Out On a Limb
1992 Directed by Francis Veber. Starring Matthew Broderick, Jeffrey Jones, Heidi Kling, Marian Mercer, John C. Reilly, Michael Monks, Courtney Peldon, David Margulies.
REVIEWED By Marjorie Baumgarten, Fri., Sept. 11, 1992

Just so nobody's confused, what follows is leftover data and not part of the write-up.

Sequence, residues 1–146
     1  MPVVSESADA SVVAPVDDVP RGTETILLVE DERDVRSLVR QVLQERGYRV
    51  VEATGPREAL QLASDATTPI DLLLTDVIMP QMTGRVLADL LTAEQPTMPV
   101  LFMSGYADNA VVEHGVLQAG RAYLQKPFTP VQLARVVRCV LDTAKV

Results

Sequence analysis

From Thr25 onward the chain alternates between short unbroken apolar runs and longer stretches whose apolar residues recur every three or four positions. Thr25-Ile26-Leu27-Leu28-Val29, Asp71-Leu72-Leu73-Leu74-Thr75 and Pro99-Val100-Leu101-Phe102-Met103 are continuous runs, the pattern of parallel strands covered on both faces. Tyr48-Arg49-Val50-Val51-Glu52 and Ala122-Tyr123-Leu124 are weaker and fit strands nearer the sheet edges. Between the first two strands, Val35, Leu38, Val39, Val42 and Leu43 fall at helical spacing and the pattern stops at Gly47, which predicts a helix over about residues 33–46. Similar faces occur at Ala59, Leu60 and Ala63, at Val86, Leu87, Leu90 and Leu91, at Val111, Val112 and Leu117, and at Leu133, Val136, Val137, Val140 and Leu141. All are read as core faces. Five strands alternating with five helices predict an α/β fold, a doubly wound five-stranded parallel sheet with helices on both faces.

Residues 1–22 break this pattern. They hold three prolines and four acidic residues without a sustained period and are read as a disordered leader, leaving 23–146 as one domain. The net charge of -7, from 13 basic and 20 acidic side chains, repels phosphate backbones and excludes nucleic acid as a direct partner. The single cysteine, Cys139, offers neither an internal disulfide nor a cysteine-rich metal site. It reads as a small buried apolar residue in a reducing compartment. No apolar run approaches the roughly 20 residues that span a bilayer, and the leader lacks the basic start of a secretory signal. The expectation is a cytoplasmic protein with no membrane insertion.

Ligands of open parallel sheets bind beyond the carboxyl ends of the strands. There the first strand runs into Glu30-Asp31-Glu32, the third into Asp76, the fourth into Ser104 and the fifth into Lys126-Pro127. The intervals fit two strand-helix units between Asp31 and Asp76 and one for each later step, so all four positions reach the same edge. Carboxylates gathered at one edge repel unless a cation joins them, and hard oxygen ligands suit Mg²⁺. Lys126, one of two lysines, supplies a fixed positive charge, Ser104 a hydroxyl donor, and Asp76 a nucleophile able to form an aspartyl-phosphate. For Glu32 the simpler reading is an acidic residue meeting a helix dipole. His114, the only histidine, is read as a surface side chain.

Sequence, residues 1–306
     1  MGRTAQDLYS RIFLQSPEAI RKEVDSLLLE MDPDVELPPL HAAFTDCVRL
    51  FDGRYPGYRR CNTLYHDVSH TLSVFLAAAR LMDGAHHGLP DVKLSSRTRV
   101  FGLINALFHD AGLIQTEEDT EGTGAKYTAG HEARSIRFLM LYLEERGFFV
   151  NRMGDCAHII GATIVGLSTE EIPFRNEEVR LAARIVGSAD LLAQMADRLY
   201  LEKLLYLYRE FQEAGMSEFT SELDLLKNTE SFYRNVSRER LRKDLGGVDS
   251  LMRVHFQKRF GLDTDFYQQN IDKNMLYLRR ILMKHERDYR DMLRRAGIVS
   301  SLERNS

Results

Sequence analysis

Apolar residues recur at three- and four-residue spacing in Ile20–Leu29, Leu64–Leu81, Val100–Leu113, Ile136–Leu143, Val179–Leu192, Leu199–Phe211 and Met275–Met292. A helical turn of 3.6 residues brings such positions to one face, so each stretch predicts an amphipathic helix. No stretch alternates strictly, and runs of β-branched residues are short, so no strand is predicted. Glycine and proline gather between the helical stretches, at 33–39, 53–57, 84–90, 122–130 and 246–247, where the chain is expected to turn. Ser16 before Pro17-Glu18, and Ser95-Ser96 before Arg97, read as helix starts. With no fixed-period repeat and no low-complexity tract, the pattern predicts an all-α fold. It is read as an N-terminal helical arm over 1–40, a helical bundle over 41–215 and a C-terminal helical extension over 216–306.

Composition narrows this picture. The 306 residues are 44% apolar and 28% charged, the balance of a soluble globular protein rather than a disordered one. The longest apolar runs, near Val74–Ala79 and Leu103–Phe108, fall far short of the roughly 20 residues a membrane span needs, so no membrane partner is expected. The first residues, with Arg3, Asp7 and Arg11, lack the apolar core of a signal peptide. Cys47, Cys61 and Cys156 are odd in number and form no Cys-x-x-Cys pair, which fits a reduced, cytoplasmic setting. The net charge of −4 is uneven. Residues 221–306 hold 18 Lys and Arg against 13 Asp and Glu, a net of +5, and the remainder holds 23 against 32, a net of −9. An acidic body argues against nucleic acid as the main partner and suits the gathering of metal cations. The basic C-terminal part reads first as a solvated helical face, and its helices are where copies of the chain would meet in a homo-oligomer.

Out on a Limb... oh boy, is it ever. French master farceur Veber takes his second shot at Hollywood directing (Three Fugitives was his first) and comes up several branches short of a hardwood. Word has it that the final cut was taken away from him, so it's hard to exactly pinpoint the source of the root rot. Still, this story about a young, city guy (Broderick) getting sucked up into the strange goings-on in some backwoods town called Buzzsaw has its moments, though it's a while before you shake the feeling that you're trapped in some crazy crossbreed of The Dukes of Hazzard meets Newhart. Things turn frantic right at the beginning when Broderick is taken hostage and left naked by gun-toting newcomer Kling. He's picked up by the Jims, a couple of beer-swilling, low-I.Q. brothers both named Jim, who garner most of the film's laughs. Broderick's been called back to Buzzsaw by his imaginative sister (Peldon) who claims that their stepfather (and mayor of Buzzsaw) is a gangster and not who he says he is (Jones in dual roles as twin brothers). This story of mistaken identity, incidentally, was scripted by twin brothers Daniel and Joshua Goldin. Despite the massive frenzy that manifests itself at every turn, Out on a Limb never rises to the level of its manic setups. Situations aren't mined for all they're worth, the performances are lackluster, continuity is shattered at a few points and the tone is a strange cross-mixture of comedy and action drama. Of note is the lush musical score by fallen recording artist Van Dyke Parks. I'm not sure what to say but, boy, there sure is a lot of it and it's all elaborately arranged. Also included is the Texas Tornados tune “(Hey Baby) Que Paso.” Framing the movie is kid sister's recounting of her summer vacation for her school classmates wherein she tells of her brother's heroics, a mayor's murder and her mother's freakout. Two classmates done up as junior league Siskel and Ebert clones keep interrupting the story to comment on its believability, effectiveness and narrative coherence. This cute self-referential attempt to sugarcoat the movie's weaknesses comes across as cloying and all too true. Out on a Limb plays like pure driftwood.